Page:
St. Luke’s Virtual Concussion Clinic: A Unique Structure to Provide Comprehensive Care for Patients

Authors:
Kurt J. Nilsson, MD, MS
St. Luke’s Health System
St. Luke’s Concussion Clinic

Hilary Flint, PhD, MPH
St. Luke’s Health System
St. Luke’s Research

Janet Reis, PhD
Boise State University
College of Health Sciences
Office of Research

Krisi Pardue, CCC-SLP, CBIS
St. Luke’s Health System
St. Luke’s Concussion Clinic

Corresponding Author:
Kurt J. Nilsson, MD, MS
St. Luke’s Health System
St. Luke’s Concussion Clinic
600 N. Robbins Rd, Boise, ID 83702
208-383-2665
knilsson@slhs.org

St. Luke’s Virtual Concussion Clinic: A Unique Structure to Provide Comprehensive Care for Patients

ABSTRACT
Purpose: Failure to provide timely assessment and management of patients with concussions creates prolonged challenges for patients and primary care providers by disrupting work and school, interpersonal and family relationships, and placing patients at risk of injury. Thus, it is essential to provide timely and appropriate care to minimize post-concussion symptoms. The development of a virtual concussion clinic with a central referral and care coordination system is described. Additionally, key identifiers of virtual clinic patients are presented.

Methods: Intake and referral processes were implemented within 18 specialty clinics and 3 emergency departments. All patients (n= 623) completed a modified version of the Centers for Disease Control (CDC) Acute Concussion Evaluation (ACE) Form prior to their referred appointment with a clinician. Data was collected over a year and a half period.

General linear models compared the ACE domains and overall ACE scores with fixed variables of gender and cause of concussion.

Results: For our sample, most referrals came from emergency departments and primary care physicians. The sample was majority male (57%), with mean age 21.8 years. Females playing soccer, basketball, and cheerleading were most likely to have a concussion, whereas football represented 65% of concussions in male patients.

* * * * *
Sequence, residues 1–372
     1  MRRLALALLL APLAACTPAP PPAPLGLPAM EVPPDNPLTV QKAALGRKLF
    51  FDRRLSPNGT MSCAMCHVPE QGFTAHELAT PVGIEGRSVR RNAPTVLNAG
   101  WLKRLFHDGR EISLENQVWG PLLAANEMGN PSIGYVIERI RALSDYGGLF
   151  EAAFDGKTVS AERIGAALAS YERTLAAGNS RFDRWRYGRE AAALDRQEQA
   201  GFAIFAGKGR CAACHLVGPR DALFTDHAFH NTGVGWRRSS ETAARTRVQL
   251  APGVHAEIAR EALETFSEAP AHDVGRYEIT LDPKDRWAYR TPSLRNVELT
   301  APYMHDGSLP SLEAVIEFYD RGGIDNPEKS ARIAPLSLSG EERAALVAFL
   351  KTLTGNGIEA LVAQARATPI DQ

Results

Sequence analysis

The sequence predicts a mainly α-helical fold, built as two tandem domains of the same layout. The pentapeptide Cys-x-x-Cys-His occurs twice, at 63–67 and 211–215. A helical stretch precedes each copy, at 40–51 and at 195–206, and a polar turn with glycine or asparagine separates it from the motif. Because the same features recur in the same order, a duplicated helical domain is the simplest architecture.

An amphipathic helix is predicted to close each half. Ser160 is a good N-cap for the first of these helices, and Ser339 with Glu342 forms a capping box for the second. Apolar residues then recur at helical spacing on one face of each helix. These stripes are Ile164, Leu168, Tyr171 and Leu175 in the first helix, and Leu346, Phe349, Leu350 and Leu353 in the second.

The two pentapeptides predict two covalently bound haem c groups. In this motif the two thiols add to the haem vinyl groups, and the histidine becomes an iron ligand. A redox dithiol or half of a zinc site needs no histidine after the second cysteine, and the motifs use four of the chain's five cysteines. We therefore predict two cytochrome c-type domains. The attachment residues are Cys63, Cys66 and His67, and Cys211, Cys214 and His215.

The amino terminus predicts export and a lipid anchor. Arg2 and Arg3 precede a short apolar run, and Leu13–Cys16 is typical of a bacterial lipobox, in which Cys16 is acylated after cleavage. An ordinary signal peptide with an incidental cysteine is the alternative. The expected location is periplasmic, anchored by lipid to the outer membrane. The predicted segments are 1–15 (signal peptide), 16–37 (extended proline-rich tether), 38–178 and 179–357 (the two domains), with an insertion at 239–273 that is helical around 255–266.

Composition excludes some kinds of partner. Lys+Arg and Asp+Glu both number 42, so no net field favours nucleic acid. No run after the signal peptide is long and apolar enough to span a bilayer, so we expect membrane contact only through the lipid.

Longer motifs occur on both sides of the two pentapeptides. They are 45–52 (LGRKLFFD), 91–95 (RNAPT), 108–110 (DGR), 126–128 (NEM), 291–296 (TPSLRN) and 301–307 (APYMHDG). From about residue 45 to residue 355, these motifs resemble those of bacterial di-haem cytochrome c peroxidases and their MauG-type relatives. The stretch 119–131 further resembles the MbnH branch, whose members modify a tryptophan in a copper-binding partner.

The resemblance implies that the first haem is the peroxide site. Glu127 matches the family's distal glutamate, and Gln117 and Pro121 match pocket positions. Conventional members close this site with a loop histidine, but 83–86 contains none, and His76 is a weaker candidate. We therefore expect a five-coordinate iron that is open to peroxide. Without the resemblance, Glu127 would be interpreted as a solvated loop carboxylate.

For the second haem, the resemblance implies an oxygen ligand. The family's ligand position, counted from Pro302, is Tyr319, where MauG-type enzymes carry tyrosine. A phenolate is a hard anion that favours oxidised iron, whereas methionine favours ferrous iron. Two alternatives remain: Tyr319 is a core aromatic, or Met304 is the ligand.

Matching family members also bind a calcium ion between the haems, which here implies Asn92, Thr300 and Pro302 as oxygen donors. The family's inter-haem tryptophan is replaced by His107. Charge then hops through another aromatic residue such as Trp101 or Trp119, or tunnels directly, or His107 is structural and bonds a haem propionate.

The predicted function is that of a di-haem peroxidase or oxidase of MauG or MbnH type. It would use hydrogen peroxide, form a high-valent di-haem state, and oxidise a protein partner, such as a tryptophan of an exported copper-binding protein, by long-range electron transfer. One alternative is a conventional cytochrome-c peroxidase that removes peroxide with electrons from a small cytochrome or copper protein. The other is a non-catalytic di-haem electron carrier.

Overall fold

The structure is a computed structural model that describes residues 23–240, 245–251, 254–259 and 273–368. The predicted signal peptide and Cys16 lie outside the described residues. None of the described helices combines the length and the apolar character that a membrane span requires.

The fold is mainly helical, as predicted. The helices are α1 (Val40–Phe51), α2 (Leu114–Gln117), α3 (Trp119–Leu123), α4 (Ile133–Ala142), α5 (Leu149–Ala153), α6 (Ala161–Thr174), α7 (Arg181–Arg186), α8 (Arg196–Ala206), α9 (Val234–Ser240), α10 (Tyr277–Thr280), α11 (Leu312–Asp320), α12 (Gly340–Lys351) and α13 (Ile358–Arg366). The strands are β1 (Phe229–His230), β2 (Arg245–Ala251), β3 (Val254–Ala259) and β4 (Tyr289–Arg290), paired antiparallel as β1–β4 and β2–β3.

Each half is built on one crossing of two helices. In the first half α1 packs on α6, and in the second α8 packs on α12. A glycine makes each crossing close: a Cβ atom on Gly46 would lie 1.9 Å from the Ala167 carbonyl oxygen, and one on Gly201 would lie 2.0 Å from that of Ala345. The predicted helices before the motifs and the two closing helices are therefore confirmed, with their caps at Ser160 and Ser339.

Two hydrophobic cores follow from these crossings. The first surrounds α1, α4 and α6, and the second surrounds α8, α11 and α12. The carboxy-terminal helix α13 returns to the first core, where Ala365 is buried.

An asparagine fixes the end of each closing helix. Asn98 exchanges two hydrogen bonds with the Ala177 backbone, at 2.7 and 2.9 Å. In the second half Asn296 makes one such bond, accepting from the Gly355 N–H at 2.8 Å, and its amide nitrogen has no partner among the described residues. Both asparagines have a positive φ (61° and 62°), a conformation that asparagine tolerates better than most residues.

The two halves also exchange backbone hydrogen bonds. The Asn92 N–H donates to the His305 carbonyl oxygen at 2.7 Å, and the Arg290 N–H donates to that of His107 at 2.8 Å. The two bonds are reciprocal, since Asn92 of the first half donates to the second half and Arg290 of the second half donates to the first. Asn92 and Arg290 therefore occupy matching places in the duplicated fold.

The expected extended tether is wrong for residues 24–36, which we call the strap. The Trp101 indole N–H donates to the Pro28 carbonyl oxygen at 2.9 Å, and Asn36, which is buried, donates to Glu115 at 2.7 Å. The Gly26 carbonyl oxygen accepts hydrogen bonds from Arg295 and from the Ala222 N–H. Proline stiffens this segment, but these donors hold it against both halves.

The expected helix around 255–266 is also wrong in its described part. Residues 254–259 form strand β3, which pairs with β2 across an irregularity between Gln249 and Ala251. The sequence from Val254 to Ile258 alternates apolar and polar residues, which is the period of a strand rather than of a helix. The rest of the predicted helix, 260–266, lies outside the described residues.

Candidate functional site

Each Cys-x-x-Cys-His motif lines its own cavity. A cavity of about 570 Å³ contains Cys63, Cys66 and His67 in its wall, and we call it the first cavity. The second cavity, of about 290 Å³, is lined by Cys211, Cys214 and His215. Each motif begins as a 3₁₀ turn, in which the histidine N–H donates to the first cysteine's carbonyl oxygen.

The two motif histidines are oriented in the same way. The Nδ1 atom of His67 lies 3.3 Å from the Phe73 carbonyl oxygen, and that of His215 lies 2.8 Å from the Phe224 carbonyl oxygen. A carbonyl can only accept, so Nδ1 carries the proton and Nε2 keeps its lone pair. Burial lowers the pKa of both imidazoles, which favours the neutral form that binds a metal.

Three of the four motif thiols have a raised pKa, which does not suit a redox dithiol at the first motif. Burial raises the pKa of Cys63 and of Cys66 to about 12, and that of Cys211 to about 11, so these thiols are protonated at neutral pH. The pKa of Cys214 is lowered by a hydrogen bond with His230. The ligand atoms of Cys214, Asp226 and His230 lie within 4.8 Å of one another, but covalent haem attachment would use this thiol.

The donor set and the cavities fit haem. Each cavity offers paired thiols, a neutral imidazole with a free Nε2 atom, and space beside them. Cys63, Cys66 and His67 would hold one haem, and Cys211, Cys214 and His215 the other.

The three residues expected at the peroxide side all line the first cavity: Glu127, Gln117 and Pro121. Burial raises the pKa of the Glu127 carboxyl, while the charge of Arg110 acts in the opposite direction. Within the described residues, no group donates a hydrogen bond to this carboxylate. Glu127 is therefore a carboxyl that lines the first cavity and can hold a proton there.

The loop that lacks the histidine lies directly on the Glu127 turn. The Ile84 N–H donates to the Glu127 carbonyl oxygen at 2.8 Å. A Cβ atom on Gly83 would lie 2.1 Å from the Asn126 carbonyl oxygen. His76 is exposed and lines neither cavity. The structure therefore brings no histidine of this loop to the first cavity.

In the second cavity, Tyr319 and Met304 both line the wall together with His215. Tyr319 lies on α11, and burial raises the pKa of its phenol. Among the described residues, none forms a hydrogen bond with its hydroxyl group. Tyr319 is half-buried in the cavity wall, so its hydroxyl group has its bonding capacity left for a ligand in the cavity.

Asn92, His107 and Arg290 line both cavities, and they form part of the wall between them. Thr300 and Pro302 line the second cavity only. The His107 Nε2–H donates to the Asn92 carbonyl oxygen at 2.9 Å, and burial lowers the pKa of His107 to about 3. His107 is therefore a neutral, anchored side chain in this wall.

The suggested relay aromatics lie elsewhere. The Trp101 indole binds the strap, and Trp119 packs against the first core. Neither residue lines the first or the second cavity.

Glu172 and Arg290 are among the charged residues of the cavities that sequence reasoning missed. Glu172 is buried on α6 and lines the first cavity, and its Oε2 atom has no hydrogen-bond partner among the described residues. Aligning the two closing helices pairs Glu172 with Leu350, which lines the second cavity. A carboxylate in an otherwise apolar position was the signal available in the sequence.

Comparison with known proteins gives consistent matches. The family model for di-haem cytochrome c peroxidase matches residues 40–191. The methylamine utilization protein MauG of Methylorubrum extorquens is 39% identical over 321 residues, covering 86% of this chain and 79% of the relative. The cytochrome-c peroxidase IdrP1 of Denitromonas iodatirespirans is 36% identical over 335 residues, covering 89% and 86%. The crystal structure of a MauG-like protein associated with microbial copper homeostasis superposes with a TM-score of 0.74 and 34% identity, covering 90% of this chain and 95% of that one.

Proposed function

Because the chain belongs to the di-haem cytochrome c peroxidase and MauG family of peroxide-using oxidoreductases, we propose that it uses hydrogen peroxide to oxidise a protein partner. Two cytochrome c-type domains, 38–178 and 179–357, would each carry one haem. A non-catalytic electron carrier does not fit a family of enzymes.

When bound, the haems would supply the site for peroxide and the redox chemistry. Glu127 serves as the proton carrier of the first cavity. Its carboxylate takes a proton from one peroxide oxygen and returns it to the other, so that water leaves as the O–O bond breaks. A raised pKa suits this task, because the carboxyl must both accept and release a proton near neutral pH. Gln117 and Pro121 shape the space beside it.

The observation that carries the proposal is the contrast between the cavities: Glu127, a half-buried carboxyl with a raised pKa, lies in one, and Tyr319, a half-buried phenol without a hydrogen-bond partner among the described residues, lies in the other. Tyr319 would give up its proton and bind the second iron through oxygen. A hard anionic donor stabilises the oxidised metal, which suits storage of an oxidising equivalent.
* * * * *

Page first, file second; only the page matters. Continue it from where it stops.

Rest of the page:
Significant effects for gender (p <0.02) were observed for all ACE domains except for Cognitive, and cause of concussion (p < .001) was significant for all ACE domains. The interaction between gender and cause of concussion (p=0.02) on the Physical ACE domain was significant. Conclusions: A virtual concussion clinic can successfully match the patient and his/her individual health care needs to an appropriate provider. Results demonstrate gender and cause of concussion impact evaluation, and warrants further research to discern optimal care for patients with concussion.
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The Value of Athletic Training Employment in Secondary School Athletics

Authors: Rachele E. Vogelpohl, PhD, ATC

Corresponding Author:
Rachele E. Vogelpohl
109 HC Nunn Drive
Highland Heights, KY 41099
vogelpohlra@nku.edu
859-572-5623

Rachele Vogelpohl is an assistant professor and Athletic Training Program director at Northern Kentucky University, and is a certified athletic trainer. She graduated from Northern Kentucky University with a bachelor’s degree and from the University of Hawaii, Manoa with both a master’s and doctoral degree.